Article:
A friend gave me a book a few months ago to get my opinion on the investment strategy it was
I gave it a read and didn’t get the best first impression.
I’m not going to name the book because the name isn’t important. This could have been hundreds of different books or investment pitches.
The words and phrases used throughout are things I’ve heard countless times in my career. The red flags go up for me immediately when I see things phrased a certain way.
I’m sure this particular strategy could possibly be suitable for the right person in the right circumstances.
But here are some of the comments from the book that made me skeptical along with some thoughts on each:
When I discovered a secret, high-yield account used by more than 3,500 banks, I was a little shocked. The strategy is so underground, the only way you’d ever hear about it is if you stumbled onto it by accident. Top bankers and Fortune 500 executives in the know have quietly been taking advantage of opportunities like these for years now. Making an investment idea sound like some sort of secret club that’s only reserved for the rich is an easy way to grab people’s attention. We would all like to believe the normal rules don’t apply to us. I hate to be the bearer of bad news, but there are no secret investments that are exclusively available to bankers and rich people.
Fund your own worry-free, 100% tax-free retirement. Financial advisors are privy to an odd behavior from many clients — they react with equanimity whether they earn hundreds of thousands of dollars through their investments or save a few thousand dollars on taxes. In many cases, saving a little money on taxes will bring people much more joy than earning a lot of money on their investments. I’m a huge proponent of deferring or avoiding taxes whenever possible but you never want to make an investment decision based purely on the tax benefits.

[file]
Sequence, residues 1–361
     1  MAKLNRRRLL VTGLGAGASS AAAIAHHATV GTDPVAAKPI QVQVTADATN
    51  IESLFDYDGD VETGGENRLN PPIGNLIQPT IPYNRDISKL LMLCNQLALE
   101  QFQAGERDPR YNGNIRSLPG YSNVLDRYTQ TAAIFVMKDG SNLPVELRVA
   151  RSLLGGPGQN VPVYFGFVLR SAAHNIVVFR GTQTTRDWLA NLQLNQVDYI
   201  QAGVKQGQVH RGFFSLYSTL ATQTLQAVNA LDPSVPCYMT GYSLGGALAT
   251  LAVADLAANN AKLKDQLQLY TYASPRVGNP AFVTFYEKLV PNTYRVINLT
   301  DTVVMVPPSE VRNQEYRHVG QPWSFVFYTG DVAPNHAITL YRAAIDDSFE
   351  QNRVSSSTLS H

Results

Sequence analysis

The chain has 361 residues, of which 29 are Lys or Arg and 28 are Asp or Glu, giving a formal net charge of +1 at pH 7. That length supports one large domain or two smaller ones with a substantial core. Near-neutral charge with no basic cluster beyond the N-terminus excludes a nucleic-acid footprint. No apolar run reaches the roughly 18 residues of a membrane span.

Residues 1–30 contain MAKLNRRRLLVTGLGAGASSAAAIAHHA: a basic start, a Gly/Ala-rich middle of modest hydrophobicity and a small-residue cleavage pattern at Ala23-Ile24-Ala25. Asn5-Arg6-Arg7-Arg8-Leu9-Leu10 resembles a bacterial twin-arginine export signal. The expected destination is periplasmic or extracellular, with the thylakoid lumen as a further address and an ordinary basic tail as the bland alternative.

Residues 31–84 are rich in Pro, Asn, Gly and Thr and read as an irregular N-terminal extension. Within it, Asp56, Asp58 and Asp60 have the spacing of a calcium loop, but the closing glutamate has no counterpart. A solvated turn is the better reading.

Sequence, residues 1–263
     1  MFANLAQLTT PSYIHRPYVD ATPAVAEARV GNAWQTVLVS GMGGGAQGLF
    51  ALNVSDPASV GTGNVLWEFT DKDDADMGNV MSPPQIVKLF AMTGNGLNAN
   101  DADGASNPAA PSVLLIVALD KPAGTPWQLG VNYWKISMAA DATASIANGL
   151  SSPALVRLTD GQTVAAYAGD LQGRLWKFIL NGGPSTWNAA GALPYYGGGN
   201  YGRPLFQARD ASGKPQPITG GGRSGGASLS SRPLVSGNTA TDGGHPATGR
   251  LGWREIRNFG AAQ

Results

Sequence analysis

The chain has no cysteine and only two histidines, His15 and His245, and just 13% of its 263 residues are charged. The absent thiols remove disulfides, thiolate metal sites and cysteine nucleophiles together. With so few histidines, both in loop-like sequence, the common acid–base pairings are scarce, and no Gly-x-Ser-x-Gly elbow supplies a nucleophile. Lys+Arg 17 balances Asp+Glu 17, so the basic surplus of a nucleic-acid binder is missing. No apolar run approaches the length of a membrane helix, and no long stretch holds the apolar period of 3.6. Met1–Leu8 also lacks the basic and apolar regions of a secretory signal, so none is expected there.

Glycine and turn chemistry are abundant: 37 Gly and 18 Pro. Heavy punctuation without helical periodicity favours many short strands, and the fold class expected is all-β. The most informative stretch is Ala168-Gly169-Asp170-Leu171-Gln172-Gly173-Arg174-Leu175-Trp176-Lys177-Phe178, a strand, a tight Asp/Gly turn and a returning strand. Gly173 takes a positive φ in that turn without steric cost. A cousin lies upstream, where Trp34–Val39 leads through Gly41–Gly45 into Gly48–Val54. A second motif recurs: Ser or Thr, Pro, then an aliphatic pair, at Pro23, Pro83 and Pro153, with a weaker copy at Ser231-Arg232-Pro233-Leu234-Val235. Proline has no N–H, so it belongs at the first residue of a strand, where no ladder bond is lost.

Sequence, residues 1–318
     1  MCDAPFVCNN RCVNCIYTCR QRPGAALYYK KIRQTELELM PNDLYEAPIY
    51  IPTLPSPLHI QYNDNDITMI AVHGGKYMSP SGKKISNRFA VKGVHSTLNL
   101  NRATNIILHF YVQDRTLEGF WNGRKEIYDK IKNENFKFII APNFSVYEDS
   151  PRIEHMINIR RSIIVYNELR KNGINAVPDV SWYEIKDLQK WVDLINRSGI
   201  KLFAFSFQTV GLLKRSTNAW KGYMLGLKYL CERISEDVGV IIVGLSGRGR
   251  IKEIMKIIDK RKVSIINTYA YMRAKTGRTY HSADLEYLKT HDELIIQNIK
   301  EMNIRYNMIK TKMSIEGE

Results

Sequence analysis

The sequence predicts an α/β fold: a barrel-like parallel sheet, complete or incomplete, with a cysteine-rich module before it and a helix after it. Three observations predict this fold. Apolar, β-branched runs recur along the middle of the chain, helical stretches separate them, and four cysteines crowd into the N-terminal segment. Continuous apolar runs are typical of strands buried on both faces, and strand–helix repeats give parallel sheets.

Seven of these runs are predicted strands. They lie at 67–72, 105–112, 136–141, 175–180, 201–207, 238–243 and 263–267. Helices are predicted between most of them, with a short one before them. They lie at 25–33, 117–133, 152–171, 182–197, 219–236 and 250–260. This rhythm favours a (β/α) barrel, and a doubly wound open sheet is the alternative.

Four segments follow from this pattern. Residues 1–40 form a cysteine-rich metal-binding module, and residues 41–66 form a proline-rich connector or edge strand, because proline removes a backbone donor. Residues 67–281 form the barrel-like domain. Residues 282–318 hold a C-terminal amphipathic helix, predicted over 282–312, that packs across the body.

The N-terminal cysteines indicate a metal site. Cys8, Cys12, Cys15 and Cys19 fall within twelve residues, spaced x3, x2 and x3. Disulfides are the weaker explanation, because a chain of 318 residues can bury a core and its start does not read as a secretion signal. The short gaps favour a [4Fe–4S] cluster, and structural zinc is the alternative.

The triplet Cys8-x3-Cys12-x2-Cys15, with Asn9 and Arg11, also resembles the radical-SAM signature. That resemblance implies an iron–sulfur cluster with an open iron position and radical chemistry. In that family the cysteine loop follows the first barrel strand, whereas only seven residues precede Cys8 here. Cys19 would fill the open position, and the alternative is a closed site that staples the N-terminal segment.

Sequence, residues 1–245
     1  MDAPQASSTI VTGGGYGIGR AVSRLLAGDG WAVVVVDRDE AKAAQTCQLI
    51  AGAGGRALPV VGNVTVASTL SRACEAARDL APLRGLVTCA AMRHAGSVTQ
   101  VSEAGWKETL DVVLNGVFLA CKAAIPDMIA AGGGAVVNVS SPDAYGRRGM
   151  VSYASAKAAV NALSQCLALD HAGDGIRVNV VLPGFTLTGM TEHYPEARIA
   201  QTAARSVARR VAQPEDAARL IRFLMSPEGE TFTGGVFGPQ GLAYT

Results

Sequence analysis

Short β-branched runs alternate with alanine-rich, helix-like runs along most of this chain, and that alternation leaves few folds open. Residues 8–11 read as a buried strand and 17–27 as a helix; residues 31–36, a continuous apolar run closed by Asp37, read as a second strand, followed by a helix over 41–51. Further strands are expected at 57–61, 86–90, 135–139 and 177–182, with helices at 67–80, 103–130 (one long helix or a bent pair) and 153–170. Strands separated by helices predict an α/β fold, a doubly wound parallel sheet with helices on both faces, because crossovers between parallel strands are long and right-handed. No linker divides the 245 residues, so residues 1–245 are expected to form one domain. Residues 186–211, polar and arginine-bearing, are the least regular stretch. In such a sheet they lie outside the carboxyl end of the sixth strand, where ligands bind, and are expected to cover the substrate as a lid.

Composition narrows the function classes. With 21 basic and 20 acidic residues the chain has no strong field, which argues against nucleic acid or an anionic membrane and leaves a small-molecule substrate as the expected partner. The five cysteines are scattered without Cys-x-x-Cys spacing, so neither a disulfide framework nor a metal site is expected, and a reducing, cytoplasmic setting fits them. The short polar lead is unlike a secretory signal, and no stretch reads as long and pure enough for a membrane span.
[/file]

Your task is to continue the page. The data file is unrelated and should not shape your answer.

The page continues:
The income for life strategy. Retirees love anything with the word ‘income’ involved. And if said income is promised for life, what could possibly be better? Income is great and all but you always have to look at these things in terms of total returns.
Completely avoid principal loss. I’ve had a number of conversations over the years with family members, friends, readers and prospects who claim, “my advisor promised me I’ll never have to touch my principal.” This makes people feel all warm and fuzzy inside because they never want to see their capital go down. Few ever look at the opportunity costs, risks or fees involved to gain that “protection.”
Have a contractual guaranteed minimum growth rate of 4%. Financial consumers would kill for a guarantee these days. Granted 4% is not exactly an enormous guarantee but if you can take away the uncertainty that’s inherent in the performance of the markets, people latch onto that idea quickly. Most don’t realize, however, that you’re always trading one risk for another, not eliminating it.
How to instantly protect your money forever. Promises, promises, promises. Why would you ever wait if you could gain protection for your money and do so instantly and forever?
The safest place on the planet for your money. Safeguard your money in a place with a century-long track record of safety. We know that out money is in the hands of the most conservative and prudent investment managers on the planet. Safety is good, right? Conservative and prudent? Also good. These are the types of words that put people at ease.
The only disadvantage is it isn’t easy to put more money into it. Scarcity can be a wonderful sales tactic. Do you ever wonder why the most popular restaurants in your city don’t expand to add more seating capacity? Why would they want a line out the door or make it impossible to make reservations? Scarcity sells.
One of the biggest determinants in any investor’s ability to maximize returns on an investment opportunity, strategy, or portfolio comes from setting realistic expectations up front. After an investment is chosen, performance boils down to behavior and expectations play a huge role in shaping behavior.
The difference between expectations and reality is where the behavior gap comes into play.
I’m not saying the description of this investment idea is necessarily wrong. Anything is possible I suppose. You could always thread the needle and find everything you ever wanted in an investment structure.
But I’m wary of investments where the sales pitch sounds too good.
If an investment sounds too good to be true, it probably is.
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